Sinn Fein president Gerry Adams has marked the 10th anniversary of the IRA formally declaring its armed campaign was over by stating the "IRA was never defeated".
Mr Adams, in a statement, referred to recent comments by British prime minister David Cameron where he said that "British resolve saw off the IRA's assaults on our way of life".
“This is a distortion of recent history. It also betrays a worrying ignorance on the part of a British premier of the dynamics which have propelled the Irish peace process for many years,” he said.
“The reality is that the IRA was never defeated and that again and again it was Irish republicans, including the IRA leadership, which took bold steps to bolster the peace process and to maintain positive political momentum.”
Mr Adams referred to how, on July 28th, 2005, the IRA formally said its armed campaign was over and “gave its support to purely peaceful and democratic means of achieving republican objectives”. IRA decommissioning happened in September 2005.
“David Cameron would do well to understand that it was such initiatives which broke the long cycle of conflict and opened up new political possibilities,” said Mr Adams.
He also described the first IRA ceasefire of August 1994 as “one of the defining developments of modern Irish history”.
But referring to the current deadlock over welfare changes that are threatening the Stormont institutions he said that the progress that was made over many years was now in “severe jeopardy”.
“The political structures negotiated so painstakingly as part of the Good Friday Agreement face collapse as a result of the British government’s ideologically driven austerity agenda,” he added.
“By slashing hundreds of millions of pounds from the finances of the North’s Executive, the British government has attacked the ability of the political institutions to deliver for citizens.”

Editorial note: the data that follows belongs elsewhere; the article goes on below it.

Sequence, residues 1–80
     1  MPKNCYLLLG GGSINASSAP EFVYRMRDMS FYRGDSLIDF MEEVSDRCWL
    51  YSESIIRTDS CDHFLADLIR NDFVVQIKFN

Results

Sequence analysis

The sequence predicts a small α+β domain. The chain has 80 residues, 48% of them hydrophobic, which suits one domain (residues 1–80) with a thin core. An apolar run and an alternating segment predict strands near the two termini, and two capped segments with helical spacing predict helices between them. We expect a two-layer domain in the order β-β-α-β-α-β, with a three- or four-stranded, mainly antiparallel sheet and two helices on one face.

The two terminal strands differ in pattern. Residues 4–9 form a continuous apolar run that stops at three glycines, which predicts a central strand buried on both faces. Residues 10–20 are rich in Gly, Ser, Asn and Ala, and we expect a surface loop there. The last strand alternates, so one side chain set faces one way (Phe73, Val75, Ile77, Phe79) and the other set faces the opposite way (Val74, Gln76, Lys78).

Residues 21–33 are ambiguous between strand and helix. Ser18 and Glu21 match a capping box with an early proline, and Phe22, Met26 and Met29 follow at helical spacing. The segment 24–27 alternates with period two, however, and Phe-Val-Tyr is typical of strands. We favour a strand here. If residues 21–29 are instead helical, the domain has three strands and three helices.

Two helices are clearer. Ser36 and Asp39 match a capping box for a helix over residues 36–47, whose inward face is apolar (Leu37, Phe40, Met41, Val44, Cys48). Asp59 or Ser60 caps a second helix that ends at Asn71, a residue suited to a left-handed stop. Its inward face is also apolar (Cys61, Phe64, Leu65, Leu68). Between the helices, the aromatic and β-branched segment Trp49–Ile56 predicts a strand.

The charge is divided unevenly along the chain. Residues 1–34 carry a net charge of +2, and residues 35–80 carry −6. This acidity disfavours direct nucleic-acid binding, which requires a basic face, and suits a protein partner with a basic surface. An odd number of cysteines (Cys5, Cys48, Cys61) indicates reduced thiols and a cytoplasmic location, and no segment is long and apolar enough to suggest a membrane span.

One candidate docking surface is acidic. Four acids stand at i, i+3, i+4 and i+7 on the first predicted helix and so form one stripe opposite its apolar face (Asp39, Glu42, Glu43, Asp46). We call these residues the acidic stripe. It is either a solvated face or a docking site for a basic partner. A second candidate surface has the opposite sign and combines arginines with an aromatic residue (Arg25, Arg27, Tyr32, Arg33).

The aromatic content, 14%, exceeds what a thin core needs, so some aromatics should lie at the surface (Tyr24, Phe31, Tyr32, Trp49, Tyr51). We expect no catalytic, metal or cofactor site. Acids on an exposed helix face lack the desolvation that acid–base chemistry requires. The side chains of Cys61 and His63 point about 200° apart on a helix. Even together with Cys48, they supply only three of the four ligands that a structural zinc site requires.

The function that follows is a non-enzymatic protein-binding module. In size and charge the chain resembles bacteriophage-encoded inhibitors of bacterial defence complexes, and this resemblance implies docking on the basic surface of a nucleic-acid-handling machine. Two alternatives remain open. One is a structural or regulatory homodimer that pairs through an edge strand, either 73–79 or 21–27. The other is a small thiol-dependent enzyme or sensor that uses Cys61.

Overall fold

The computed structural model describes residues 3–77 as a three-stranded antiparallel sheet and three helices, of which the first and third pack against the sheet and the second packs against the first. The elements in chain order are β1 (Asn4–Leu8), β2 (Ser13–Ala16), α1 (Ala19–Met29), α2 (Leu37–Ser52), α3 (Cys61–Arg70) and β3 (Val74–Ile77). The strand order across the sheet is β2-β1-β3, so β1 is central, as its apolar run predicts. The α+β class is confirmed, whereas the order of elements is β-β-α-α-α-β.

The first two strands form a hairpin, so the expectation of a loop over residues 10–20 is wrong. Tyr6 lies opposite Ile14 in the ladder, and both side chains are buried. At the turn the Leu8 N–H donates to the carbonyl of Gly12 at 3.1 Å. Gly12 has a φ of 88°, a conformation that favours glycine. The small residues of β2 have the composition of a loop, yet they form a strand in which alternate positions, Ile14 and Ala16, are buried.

Mr Adams added that over many decades, successive British governments invested "limitless financial resources to pursue a military agenda" in Northern Ireland.
“They now need to bring a similar commitment to building the peace. A new approach is required from the British government - one based on investment, which would allow the political institutions to grow and develop the economy for the benefit of all our citizens.”
He also accused the Irish Government of being "detached" and said its "attitude to the North is dictated by party political and selfish electoral considerations".
“The Taoiseach needs urgently to take up his responsibilities towards citizens in the North and to be a champion of the peace process,” he said.
“In order to restore hope, to rescue the political institutions and re-establish positive political momentum, the British government must provide the Executive with the tools to invest in public services, grow the economy and address the legacy of the past. The British government needs to re-engage with the peace process.”